Scientists Say: Inorganic

Inorganic materials lack organic compounds' carbon-hydrogen bonds

yellow and white salts crust the ground at a salt deposit in Ethiopia

Salts, such as those seen at this salt deposit in Ethiopia, are examples of inorganic materials.

Stocktrek Images/Richard Roscoe/Getty Images

Inorganic (adjective, “In-or-GAN-ick”)

Inorganic, simply put, means not organic. So, what does organic mean? Organic compounds are molecules that contain carbon. They generally contain carbon bonded to hydrogen. Living things are made up of organic molecules. These molecules include DNA, fats, sugars and proteins. Most organics are made by life forms (although they can form other ways, too). That’s why organic chemistry is sometimes called the chemistry of life.

Inorganic means the opposite. Inorganic molecules don’t contain carbon-hydrogen bonds. Most don’t contain carbon at all. Examples include metals, minerals and salts. Sodium chloride, or table salt, is inorganic. So is silicon dioxide. That material is used to build computer chips. But don’t let organics’ reputation as the “chemistry of life” fool you. Living things couldn’t survive without many inorganic compounds. A prime example is water, or H2O. Another is carbon dioxide. Even though it contains carbon, CO2 is considered inorganic. That’s because it does not contain a carbon-hydrogen bond.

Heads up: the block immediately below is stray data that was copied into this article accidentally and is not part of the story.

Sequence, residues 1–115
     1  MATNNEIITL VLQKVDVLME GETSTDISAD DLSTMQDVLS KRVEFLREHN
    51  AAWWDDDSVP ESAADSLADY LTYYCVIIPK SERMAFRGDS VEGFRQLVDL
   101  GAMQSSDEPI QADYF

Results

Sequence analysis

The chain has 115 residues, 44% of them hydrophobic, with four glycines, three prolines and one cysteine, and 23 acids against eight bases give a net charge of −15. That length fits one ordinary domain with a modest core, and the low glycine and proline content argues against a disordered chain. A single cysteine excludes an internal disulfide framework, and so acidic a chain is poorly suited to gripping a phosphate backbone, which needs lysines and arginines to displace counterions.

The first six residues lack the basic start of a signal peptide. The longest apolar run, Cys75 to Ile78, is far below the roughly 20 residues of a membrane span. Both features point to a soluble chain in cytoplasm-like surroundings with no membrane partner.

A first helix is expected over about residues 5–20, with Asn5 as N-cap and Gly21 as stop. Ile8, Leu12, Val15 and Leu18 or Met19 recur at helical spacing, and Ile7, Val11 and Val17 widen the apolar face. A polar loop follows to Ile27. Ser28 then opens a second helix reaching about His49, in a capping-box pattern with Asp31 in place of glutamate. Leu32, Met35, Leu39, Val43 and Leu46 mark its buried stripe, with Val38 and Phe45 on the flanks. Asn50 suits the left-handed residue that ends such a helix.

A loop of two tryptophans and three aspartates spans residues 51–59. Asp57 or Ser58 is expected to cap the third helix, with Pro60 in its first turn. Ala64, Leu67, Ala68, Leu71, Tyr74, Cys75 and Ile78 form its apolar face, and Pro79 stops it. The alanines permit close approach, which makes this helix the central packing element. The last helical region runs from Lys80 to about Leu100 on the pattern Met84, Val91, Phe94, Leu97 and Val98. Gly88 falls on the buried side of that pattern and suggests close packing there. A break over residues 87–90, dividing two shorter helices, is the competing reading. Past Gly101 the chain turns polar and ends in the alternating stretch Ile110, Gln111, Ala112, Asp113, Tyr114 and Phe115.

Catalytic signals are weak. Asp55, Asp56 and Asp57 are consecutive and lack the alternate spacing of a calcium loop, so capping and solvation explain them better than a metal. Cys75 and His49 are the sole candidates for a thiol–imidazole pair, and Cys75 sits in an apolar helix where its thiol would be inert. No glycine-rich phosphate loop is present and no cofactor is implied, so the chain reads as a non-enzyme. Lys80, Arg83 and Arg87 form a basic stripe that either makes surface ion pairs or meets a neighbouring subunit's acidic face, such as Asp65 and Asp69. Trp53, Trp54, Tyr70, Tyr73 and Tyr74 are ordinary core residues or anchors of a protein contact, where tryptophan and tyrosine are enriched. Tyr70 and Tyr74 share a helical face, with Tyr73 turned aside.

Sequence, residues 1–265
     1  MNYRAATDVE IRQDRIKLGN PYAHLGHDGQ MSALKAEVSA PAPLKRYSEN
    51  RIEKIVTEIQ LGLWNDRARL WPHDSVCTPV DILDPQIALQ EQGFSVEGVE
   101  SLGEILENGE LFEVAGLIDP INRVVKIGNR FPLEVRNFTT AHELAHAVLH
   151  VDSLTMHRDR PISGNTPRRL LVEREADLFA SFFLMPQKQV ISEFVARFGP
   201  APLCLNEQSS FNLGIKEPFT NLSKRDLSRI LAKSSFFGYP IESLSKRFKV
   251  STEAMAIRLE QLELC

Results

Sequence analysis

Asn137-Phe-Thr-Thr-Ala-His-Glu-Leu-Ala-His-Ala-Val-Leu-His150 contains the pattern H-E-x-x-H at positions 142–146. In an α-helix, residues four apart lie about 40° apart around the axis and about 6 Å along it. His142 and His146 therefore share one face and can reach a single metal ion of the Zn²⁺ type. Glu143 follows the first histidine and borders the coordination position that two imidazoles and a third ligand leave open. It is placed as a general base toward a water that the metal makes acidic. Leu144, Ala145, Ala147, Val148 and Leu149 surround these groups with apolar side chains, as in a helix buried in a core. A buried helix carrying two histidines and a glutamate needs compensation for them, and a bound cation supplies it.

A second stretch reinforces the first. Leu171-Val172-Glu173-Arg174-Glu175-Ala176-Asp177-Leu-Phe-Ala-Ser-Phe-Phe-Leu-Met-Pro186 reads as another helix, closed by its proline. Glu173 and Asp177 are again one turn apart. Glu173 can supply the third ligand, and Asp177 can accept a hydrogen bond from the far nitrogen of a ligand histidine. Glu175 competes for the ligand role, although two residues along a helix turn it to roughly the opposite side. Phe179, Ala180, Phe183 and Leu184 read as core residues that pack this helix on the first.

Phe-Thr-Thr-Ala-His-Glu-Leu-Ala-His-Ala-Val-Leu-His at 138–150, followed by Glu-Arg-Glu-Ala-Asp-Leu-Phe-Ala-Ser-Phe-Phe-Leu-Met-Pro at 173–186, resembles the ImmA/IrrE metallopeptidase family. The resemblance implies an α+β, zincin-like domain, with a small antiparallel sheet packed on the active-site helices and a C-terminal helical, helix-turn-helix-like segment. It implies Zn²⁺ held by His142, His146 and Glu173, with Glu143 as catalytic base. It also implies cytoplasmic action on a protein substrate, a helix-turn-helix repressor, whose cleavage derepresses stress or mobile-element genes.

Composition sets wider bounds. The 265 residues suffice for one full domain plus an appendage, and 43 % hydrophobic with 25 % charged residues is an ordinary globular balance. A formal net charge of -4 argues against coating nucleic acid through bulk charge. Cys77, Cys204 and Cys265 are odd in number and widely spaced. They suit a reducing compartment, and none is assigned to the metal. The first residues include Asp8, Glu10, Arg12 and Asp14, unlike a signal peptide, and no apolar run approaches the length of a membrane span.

Some other carbon-based materials are classified as inorganic, too. Take diamond or graphene. These carbon structures do not contain a fixed number of atoms. As a result, they are not molecules and so cannot be organic.

In a sentence

Inorganic tattoo inks are made of natural salts, minerals or metal oxides.

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Maria Temming is the Assistant Managing Editor at Science News Explores. She has bachelor's degrees in physics and English, and a master's in science writing.

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